The Australian Competition and Consumer Commission (ACCC) has initiated legal proceedings against Qantas (ASX:QAN)
in the Federal Court, alleging violations of consumer protection laws related to its handling of cancelled flights and lack of communication with affected passengers.
According to the consumer and competition regulator, Qantas sold tickets on its website for over 8,000 domestic and international flights scheduled between May and July 2022, despite having already cancelled these flights. The ACCC claims that the airline continued selling tickets for an average of more than two weeks, and in some instances, for up to 47 days after cancellations occurred.
The ACCC further asserts that Qantas neglected to notify more than 10,000 ticketholders of flight cancellations during the same period. The average time between flight cancellations and notifying passengers was approximately 18 days, extending to 48 days in certain cases. The Commission alleges that Qantas failed to update its "Manage Booking" web page to reflect these cancellations.
This behavior affected a significant portion of flights cancelled by Qantas during the May to July 2022 timeframe. The ACCC claims that in around 70% of the cancelled flights, Qantas either continued selling tickets for two days or more after cancellation or delayed notifying ticketholders for two days or more, or both.
Gina Cass-Gottlieb, Chair of the ACCC, explained, "Qantas' actions left customers with limited time to make alternative arrangements, potentially resulting in higher costs for alternative flights that passengers were unaware had been cancelled."
The ACCC's comprehensive investigation included engaging with affected consumers and issuing mandatory information notices to Qantas. Through meticulous data analysis by ACCC's specialized data analysts, it was discovered that Qantas cancelled nearly 25% of flights between May and July 2022, with roughly 15,000 out of 66,000 domestic and international flights from various locations being cancelled.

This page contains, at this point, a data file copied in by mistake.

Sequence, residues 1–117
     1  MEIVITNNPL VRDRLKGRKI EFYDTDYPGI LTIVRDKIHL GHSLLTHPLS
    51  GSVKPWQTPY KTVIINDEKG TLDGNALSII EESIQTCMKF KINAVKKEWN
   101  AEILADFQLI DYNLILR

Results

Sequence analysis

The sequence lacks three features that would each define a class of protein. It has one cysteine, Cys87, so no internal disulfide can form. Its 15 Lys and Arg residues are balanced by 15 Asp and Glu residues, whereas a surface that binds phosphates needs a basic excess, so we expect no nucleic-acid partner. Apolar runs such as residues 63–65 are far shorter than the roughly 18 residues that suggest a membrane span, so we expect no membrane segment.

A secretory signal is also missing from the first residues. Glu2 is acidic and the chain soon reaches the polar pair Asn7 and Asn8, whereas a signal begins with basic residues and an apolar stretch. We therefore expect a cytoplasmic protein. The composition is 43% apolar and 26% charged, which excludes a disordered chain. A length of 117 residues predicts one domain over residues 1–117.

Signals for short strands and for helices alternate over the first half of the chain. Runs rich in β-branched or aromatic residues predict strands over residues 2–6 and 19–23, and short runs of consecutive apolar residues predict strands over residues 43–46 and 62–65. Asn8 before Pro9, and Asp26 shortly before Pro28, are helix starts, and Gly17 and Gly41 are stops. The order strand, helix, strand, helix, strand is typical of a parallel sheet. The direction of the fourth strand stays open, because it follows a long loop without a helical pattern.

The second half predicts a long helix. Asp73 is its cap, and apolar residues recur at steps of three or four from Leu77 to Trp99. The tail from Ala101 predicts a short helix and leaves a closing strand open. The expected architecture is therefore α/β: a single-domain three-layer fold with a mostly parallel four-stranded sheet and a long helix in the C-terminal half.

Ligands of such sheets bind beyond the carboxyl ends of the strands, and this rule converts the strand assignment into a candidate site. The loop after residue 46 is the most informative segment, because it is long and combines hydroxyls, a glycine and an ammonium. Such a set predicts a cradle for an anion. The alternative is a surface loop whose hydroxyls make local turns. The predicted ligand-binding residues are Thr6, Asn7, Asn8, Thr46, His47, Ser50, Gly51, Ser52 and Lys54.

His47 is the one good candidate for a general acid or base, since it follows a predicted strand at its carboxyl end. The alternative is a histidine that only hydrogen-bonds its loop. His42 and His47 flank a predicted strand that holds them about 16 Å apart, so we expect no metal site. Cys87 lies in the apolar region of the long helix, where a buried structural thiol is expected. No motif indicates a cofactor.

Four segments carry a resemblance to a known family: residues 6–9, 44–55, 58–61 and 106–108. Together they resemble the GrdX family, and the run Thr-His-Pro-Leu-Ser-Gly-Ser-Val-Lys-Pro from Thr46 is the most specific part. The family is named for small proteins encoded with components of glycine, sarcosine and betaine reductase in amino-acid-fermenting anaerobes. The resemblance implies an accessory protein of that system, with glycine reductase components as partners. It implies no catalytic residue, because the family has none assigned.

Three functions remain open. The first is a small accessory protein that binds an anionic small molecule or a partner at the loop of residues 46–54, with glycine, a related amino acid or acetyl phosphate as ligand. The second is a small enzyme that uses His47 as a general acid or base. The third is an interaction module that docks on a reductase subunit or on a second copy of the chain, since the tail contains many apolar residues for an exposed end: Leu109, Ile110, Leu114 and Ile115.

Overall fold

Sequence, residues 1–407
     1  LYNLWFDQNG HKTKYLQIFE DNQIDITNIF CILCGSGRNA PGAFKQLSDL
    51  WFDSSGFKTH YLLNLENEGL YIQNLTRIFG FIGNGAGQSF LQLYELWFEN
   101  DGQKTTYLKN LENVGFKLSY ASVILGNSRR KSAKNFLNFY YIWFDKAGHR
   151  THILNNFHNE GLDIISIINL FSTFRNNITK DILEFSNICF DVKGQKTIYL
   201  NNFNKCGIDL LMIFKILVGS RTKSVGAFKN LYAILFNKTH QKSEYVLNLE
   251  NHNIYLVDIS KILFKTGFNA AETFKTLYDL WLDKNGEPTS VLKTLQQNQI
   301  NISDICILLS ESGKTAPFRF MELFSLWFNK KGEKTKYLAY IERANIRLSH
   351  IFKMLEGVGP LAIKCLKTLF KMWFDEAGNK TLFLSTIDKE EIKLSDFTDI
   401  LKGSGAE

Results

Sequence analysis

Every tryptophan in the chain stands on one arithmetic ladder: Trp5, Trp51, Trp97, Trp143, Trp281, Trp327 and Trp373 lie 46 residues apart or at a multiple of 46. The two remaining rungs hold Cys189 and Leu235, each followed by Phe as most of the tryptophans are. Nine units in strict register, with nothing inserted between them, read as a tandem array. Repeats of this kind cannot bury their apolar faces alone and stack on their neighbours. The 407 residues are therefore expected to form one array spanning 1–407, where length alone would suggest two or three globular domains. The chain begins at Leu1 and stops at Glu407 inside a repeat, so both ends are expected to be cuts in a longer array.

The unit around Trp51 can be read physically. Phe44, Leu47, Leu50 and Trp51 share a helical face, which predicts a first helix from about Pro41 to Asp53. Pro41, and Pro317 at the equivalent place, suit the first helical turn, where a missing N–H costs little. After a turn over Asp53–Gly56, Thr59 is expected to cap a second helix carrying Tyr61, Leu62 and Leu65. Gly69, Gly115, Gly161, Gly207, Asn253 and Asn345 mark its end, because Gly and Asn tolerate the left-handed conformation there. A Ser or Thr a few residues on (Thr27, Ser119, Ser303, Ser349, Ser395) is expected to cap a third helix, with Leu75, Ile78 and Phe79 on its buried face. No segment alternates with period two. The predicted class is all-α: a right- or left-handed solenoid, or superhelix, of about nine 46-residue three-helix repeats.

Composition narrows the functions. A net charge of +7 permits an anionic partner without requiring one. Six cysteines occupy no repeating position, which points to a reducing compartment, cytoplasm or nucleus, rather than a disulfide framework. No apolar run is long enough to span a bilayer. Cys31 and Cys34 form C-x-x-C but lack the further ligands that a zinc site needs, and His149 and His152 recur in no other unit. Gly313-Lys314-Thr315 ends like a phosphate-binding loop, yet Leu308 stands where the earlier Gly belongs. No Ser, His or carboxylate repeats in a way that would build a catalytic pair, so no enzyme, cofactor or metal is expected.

The legal proceedings are related to over 10,000 of these cancelled flights.
Meanwhile, recent reports from Fairfax/Nine media suggest that Qantas has shifted its stance on Covid-related non-travel refunds. The airline reportedly plans to eliminate the expiry date on flight refunds for passengers whose travel plans were disrupted due to Covid-19 border closures. This change comes after mounting public and political pressure. The financial impact is substantial, with approximately $370 million involved at Qantas and an additional $100 million at Jetstar.
Previously, passengers were eligible for refunds until December 2023. Those with flight credits from the company still have until the end of this year to book a flight. The revised policy now enables customers who booked flights through travel agents to seek refunds. Jetstar flight credit holders will also have indefinite access to their credits.
This marks the fourth adjustment to Qantas' Covid-19 refund and flight credit policy as the company attempts to manage its financial obligations to affected customers. Qantas is concurrently facing a class action lawsuit on behalf of passengers who contend they have not received adequate compensation for disruptions.